Get to know your risk tolerance.
You should only take as much investment risk as your investment goal requires and your stomach can bear. Just because you can afford to take more risk with your investments doesn't mean you should. Your level of risk is determined by your allocation to stocks and bonds; more stocks equals higher risk. The allocation you choose "is similar to how fast you choose to drive your car," says Mike Hennessy, founder and CEO of Harbor Crest Wealth Advisors in Fort Lauderdale, Florida. "While your allocation should remain relatively static -- no one would want to go from 65 mph to 35 mph in a few short seconds -- it should adjust over time as you approach your investment goals," he says.
Start with broad-based investments.
After when to invest, the next big question facing beginning investors is what to invest in. "It's easy to get hung up on choosing investments; there are so many" to choose from, Williams says. "Fortunately, broad-based mutual funds and exchange-traded funds, which pool the money of many investors to purchase a variety of securities, give you a simple way to begin." Start by deciding on the mix of cash, bonds and stock you want, then fill in the details with funds that match your desired allocation.
Keep your costs low.
You can't control how your investments perform, but you can control how much you pay for them. "As a beginning investor, it's very important to pay attention to the costs involved in an investment," says Michael Pappis, founder and CEO at Amity Financial Planning. This generally means using index funds, which average 0.15% expense ratios, according to Morningstar's latest fee study, rather than actively managed funds, which average 0.67% expense ratios and can go much higher. "Over the long term, these higher fees can eat away at the return on your investment," Pappis says.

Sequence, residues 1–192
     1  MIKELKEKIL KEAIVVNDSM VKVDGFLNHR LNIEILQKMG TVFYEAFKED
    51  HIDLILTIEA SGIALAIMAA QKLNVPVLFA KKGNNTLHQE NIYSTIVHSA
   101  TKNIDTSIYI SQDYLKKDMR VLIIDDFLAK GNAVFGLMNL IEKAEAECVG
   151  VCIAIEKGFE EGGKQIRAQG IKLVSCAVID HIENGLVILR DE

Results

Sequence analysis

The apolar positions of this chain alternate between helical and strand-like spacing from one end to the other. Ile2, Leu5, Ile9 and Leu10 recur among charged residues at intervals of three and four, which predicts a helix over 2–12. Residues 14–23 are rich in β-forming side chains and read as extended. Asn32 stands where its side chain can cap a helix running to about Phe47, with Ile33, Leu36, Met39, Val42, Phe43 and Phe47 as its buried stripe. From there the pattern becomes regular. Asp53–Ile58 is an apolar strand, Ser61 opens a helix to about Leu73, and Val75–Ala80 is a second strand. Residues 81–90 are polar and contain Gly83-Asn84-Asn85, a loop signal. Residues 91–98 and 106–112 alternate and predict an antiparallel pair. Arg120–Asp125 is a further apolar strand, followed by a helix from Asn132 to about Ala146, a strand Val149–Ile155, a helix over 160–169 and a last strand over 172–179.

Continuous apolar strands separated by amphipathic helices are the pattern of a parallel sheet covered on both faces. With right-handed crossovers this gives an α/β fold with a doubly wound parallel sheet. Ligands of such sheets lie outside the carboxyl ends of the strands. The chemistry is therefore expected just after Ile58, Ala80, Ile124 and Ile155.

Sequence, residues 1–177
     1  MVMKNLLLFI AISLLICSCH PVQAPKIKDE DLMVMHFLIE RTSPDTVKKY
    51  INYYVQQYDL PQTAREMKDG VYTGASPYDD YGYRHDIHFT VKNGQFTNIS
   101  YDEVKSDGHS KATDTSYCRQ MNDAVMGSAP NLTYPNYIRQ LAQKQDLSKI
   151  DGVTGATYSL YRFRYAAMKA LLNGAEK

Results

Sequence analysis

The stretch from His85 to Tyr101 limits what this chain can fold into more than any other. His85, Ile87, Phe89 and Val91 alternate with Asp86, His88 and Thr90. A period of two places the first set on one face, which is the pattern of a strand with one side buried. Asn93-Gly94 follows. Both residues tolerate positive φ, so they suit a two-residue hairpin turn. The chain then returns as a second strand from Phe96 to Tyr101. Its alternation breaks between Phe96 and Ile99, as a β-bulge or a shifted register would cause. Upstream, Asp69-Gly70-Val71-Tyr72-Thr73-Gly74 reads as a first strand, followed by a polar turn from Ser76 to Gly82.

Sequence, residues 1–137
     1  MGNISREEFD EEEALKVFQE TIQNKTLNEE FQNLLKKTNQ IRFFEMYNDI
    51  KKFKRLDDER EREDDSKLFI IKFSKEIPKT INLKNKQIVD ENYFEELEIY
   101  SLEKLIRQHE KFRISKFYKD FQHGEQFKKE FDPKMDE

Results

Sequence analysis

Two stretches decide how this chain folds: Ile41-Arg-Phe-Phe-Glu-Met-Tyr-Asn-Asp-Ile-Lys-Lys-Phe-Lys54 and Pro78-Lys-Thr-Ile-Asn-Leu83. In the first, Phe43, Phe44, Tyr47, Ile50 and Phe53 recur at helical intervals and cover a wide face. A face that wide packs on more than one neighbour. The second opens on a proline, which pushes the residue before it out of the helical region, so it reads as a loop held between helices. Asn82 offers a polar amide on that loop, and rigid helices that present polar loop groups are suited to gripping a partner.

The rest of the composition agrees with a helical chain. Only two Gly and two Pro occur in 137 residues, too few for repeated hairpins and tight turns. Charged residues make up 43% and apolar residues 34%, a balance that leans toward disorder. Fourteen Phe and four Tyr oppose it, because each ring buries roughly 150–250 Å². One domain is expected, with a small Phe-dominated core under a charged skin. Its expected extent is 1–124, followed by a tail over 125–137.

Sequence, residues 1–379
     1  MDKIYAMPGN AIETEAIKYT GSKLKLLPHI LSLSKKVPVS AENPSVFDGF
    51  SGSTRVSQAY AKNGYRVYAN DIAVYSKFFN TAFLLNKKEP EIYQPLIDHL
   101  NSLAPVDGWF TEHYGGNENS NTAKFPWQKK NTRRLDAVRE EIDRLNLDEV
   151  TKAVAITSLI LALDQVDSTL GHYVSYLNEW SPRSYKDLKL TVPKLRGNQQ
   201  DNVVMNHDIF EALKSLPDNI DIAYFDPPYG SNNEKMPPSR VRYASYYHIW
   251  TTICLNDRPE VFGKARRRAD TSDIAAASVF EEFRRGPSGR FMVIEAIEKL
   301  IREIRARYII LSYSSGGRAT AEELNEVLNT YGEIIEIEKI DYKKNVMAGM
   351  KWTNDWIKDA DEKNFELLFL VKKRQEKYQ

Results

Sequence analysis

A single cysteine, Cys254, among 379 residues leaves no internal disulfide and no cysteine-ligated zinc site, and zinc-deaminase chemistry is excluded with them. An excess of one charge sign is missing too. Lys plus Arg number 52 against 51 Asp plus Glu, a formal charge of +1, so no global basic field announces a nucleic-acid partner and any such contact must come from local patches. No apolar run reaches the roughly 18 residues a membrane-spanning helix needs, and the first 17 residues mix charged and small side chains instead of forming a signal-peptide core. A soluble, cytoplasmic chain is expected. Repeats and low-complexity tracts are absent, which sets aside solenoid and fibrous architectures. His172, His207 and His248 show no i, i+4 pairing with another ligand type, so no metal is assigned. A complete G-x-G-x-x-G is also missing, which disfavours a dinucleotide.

Don't be afraid to ask for help.
Nowhere is it written that investing need be a solitary sport. "My best investing advice for beginners is if you're not an expert, ask for help," says Stacy J. Miller, partner, vice president and wealth advisor for Bright Investments. A financial advisor can help navigate any uncertainty you have, and advisors are not only for the wealthy. But you need to vet any advisor "like you would someone who will take care of your children," Miller says. Ask prospective advisors if they're a fiduciary and about their certifications. Miller recommends looking for certified financial planners and chartered financial analysts; "they show years of additional education, training and expertise." Verify their record on AdviserInfo.SEC.gov. Then ask how they're compensated and what it'll cost you to work with them.
Automate as much as you can.
Once you're set up, automate as much of your investing process as you can, Williams says. Set up automatic savings deposits, retirement contributions, even automatic monthly investments into your nonretirement investment portfolio. "The less you have to do, the less overwhelming it will be, and the more likely you are to stick with it," he says. "That said, you do want to stay involved." He advises checking your portfolio at least once a year to make sure your investments and allocation are still in line with your goals. "If your goal is long term, you mindset should be as well," he says. "Try to stay focused on the long term and not overreact or change plans because of short-term volatility alone."
The 10 best tips for beginning investors:
-- Start now.
-- Don't let the media scare you.
-- Focus on your savings percentage, not your portfolio performance.
-- Set investing goals.
-- Use your investing goals to determine your time horizon.
-- Get to know your risk tolerance.
-- Start with broad-based investments.
-- Keep costs low.
-- Don't be afraid to ask for help.
-- Automate as much as you can.